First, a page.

BOST clears 12-year old GH¢64 million GCB Bank debt
The Management of the Bulk Oil Storage and Transportation Company, BOST, is confident its agenda to turn around the fortunes of the loss-making entity is on course following its ability to fully settle a 12-year old credit facility contracted from GCB Bank.
The loan sourced from GCB in 2008 has been in arrears and attracted several penalties from the bank.
But the Chief Executive Officer of the company, Edwin Provencal, has told Citi Business News the GH¢64 million credit facility, which was sourced to boost the trading position of BOST, was completely settled last month.
“In 2017, when we came to power, we engaged GCB Bank, and the good news was that they waived off all penalties and other charges etc, with the promise that they were going to stick to our payment plan. So, that is what we have been doing since 2017, and the good news is that the last bit was cleared last month January, so we have finished clearing GCB debt.”
“We are extremely excited. What this does is that it cleans our balance sheet. It contributes to our balance sheet so we can leverage it to borrow for our operations. We assure that going forward, any other facility we get, we will use a much-disciplined approach to get it,” the BOST CEO stated.
BOST turnaround agenda
The settlement of the GCB Bank loan comes at a time the oil storage and transportation company has embarked on a drive to bring the company back to profitability.
According to Mr. Provencal, it would take an amount of US$150 million to turn around the operations of the company.
Making a case for the amount, Edwin Nii Obadai Provencal, the Managing Director of BOST, said about US$75 million of the funds would be used to upgrade and rehabilitate the company’s infrastructure and the other half would be deployed as working capital.
According to him, the new funding would make the company economically viable and lead to the payment of dividend to government within the next two to three years.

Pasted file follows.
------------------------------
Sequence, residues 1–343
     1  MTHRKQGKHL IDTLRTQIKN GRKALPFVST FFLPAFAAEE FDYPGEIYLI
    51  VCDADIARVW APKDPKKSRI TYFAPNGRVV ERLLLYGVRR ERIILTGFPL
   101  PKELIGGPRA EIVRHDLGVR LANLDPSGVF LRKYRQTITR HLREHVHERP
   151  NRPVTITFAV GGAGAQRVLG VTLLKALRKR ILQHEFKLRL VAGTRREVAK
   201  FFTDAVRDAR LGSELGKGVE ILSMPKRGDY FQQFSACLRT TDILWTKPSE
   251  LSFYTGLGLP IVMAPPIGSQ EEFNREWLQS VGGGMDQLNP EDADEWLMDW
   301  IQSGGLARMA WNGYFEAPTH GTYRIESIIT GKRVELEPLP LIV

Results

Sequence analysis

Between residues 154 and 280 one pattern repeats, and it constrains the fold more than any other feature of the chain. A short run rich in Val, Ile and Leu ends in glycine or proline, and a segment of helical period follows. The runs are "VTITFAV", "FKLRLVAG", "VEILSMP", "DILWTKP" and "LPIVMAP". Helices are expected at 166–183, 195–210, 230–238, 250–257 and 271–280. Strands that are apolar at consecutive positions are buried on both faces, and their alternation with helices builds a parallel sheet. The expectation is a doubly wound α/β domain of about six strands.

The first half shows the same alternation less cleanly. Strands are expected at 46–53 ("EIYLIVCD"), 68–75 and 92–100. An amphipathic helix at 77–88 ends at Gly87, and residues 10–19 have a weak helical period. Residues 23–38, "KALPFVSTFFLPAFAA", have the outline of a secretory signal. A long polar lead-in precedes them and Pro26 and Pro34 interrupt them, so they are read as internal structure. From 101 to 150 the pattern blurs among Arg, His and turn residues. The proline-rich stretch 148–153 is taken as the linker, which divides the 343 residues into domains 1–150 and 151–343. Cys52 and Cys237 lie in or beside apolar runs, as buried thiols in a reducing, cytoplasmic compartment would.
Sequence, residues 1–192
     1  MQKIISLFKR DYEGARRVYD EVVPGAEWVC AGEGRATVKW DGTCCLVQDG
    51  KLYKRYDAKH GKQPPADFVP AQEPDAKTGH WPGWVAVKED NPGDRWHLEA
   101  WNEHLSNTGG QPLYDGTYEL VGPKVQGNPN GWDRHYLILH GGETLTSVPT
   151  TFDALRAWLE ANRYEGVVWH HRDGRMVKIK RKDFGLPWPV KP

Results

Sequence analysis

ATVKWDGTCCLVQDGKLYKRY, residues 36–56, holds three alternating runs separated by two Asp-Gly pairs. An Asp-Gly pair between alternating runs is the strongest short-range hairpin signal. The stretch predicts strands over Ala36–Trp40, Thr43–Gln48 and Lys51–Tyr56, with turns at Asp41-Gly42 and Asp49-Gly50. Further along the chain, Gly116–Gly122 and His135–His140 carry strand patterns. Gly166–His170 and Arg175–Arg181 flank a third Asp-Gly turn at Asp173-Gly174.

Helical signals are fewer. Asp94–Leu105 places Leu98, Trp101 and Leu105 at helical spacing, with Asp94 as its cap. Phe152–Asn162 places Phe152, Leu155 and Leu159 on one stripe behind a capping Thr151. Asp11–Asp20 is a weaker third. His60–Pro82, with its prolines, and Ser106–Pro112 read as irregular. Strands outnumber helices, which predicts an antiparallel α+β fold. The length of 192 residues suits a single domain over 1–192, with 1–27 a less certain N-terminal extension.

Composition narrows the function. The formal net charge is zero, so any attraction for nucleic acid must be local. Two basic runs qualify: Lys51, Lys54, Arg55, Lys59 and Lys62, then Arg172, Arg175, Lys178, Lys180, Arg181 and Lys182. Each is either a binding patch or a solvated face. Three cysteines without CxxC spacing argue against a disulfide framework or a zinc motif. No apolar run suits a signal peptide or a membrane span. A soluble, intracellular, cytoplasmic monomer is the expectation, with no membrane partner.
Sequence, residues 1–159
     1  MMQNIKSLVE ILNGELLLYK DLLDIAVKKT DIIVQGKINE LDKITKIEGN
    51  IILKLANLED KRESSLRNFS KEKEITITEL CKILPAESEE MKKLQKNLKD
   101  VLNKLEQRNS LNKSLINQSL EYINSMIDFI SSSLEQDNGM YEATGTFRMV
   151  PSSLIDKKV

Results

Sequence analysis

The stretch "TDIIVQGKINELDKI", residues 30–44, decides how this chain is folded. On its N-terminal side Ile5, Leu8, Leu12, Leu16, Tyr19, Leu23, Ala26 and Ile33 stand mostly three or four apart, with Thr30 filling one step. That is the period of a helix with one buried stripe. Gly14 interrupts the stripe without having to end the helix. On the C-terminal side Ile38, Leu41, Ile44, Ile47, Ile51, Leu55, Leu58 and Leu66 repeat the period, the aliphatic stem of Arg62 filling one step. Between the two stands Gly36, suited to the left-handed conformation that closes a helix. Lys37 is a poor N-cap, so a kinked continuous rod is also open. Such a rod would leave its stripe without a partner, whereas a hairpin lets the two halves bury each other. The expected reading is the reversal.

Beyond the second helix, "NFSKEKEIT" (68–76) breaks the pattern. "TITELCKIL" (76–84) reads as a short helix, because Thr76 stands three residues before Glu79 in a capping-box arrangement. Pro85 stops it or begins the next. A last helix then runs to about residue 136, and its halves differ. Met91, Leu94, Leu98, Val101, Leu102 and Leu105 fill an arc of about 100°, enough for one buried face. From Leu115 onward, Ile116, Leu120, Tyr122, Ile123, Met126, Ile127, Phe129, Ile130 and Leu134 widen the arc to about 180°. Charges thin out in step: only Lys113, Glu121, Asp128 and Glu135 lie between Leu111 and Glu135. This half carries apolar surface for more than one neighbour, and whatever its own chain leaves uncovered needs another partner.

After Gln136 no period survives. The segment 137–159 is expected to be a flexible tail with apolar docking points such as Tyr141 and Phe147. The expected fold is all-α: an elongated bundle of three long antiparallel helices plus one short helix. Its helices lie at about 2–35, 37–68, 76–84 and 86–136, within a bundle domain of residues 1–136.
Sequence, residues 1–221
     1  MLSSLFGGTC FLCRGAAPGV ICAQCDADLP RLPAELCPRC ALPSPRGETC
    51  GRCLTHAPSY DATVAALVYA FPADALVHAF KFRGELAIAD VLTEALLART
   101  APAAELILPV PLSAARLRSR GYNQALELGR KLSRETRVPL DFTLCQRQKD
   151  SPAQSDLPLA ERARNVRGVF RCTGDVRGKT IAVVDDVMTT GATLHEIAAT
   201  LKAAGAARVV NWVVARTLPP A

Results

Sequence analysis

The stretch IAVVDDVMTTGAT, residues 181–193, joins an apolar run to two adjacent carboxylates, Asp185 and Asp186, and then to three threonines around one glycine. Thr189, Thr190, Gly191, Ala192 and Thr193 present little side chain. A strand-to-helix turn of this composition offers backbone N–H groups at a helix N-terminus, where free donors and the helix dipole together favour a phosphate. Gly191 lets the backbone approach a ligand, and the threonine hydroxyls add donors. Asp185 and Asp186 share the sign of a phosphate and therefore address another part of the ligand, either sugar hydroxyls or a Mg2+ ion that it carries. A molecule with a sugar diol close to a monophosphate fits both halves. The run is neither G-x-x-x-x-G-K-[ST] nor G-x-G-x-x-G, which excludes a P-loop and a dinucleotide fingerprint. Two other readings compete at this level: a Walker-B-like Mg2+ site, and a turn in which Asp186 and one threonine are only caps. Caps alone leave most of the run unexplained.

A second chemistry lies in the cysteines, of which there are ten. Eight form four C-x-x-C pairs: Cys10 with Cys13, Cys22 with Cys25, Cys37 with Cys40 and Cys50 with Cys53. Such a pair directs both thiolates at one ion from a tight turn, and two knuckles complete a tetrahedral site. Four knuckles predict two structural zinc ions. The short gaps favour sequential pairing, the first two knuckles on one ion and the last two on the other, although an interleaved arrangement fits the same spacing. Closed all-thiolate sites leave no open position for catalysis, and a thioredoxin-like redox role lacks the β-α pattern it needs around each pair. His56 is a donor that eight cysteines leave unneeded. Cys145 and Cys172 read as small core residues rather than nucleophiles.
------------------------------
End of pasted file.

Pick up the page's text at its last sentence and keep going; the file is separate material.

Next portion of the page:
Mr. Provencal explained that the needed funds could come from an increase in the BOST Margin in the petroleum product Price Build-up, government support; or funding from Investors.
He noted that should the option of BOST margin be implemented, it would result in the immediate increase in the prices of fuel, but would in the medium-to-long term, be of great benefit to consumers as BOST’s effectiveness would reduce the price at the pumps.
Mr. Provencal said the capital injection would enable the company to move from its current state of loss-making and low capitalization to a profit-making and dividend-paying company.
Mr. Provencal said the capital injection would also help the management to desist from under-utilizing the company’s assets and use resources fully to operationalize the dormant barges of the company, which transport oil from Akosombo to Buipe and other resources lying idle.
He said the new strategy is focused on improving the operational efficiency of the company by moving from the use of outdated manual systems to a full automation system.
“If the regulator does not regulate well and allows cross zonalisation, then, our dreams may be delayed,” he said, adding that, the vision to transform BOST would not be materialized if we don’t do effective stakeholder management.”
Mr. Provencal said the vision would not come to fruition if there is poor stakeholder management with transporters, tanker drivers’ unions, the regulator, the government, employees of BOST and many other stakeholders.